Electrification skills conference to be held in Birmingham, UK

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To address the electrification skills shortage crisis, Coventry University is launching a new conference. More than 200 delegates are expected to attend the Electric Revolution Skills Hub, which will take place across two days at the International Convention Centre in Birmingham, UK, on March 27 and 28.

Topics on the agenda include emerging technologies in power electronics, machines and drives (PEMD) and how the UK can mitigate the skills gap currently stifling future opportunities.  Speakers include Florbela Costa, head of engineering at Parvalux; Will Mason, managing director of maxon; Paul Jarvie, centre lead for the Driving the Electric Revolution center; and Charlie Martin, British racing driver and transgender rights activist.

Funded in partnership with UKRI and Innovate UK, the aim in the first year is to offer 150 companies and organizations access to a talent diagnostic tool, dedicated training courses and an electrification jobs board.

“UK manufacturing is reinventing itself and electrification offers a massive opportunity for companies – in all parts of the supply chain – to develop new technologies, processes and services for a multi-billion pound global opportunity,” said Deepak Farmah, commercial director of the ERS Hub.

“The challenge will be ensuring we have the skills and people to take advantage of this emerging sector. This will be the central theme of our discussions during our two-day conference in Birmingham. Leaders in the field will give their views on current and future trends, while breakout workshops will tackle some of the issues and opportunities we’re currently seeing. The launch of the ERS Hub is a real line in the sand and will give the UK a dedicated platform to start bridging the skills gap.”

Alongside the annual conference, an ERS Hub digital platform is being launched that will provide access to training, courses and jobs across the country. At the heart of the platform will be the body of knowledge, which will promote a consistent view of PEMD and build a consensus for the PEMD disciplines required to upskill the UK workforce. It will also include a catalog of easy-to-search courses from universities and non-traditional training providers ranging from electrical engineering to automation and control.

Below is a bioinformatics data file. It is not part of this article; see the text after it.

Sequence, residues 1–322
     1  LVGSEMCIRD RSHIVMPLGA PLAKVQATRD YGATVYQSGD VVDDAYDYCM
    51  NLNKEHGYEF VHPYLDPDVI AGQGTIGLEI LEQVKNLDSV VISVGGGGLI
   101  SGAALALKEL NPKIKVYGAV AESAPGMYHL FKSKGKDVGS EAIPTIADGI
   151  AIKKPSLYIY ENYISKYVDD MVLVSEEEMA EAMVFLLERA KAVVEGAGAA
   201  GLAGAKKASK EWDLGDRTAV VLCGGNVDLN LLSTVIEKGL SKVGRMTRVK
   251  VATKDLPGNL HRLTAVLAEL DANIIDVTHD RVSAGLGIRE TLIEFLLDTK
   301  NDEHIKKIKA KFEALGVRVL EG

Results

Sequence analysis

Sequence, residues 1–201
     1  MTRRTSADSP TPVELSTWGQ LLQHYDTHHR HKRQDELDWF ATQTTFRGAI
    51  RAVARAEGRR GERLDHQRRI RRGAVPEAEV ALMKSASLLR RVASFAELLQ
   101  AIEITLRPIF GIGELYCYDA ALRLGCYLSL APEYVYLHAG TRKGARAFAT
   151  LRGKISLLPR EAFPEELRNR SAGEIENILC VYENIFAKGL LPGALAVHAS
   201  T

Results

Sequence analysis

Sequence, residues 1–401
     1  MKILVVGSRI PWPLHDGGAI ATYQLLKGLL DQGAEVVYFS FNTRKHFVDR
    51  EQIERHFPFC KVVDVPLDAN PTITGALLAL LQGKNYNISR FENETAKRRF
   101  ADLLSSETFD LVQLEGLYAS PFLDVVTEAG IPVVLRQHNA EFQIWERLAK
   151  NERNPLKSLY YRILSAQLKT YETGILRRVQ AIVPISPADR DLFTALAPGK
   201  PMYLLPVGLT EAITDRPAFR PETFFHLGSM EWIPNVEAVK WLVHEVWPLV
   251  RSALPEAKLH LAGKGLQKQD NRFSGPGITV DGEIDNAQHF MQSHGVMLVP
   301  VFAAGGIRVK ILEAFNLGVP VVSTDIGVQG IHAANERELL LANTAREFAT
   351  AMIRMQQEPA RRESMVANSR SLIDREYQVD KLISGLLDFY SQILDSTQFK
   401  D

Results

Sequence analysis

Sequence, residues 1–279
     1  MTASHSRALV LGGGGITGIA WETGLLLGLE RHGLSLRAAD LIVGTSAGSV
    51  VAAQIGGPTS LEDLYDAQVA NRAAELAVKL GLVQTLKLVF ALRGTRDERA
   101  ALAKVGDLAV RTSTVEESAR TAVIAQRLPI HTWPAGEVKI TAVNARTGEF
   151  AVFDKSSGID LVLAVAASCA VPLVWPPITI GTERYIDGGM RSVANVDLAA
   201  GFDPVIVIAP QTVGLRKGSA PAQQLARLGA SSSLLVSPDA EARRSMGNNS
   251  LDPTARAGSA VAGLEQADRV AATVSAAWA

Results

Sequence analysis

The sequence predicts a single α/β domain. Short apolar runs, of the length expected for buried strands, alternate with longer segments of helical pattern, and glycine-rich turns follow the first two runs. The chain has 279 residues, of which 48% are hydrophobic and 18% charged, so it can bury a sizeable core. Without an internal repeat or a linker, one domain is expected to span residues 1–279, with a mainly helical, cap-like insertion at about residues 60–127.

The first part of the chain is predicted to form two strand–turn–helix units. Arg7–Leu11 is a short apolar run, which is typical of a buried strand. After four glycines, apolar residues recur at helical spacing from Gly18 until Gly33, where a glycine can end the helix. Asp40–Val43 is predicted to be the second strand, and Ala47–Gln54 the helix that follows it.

“The ERS Hub will help businesses attract new individuals to work in electrification and support growth in this vital industry. Likewise, people can use the Hub to find training courses and jobs, as well as new accreditations that could help them with career progression. There will be the industry’s first jobs board specializing in electrification, providing a central place for employers to find staff and young people/new entrants looking for careers in the sector.  The final element of our offer is for academia. We are working with schools, colleges and universities to promote courses on the Hub, encourage students to consider a career in this field and, importantly, connect with industry.

“The skills gap is a barrier to innovation. The UK must become a leading economy in this space, and to take the lead, we need to be at the forefront of research and development. We need people with the right skills to ensure we do that. Ultimately, that’s what the ERS Hub is seeking to achieve,” concluded Farmah.

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Rachel's career in journalism has seen her write for various titles at UKi Media & Events within automotive, tire and marine. Currently editor of ATTI, her favourite aspect of the job is interviewing industry experts, including researchers, scientists, engineers and technicians, and learning more about the groundbreaking technologies and innovations that are shaping the future of transportation.

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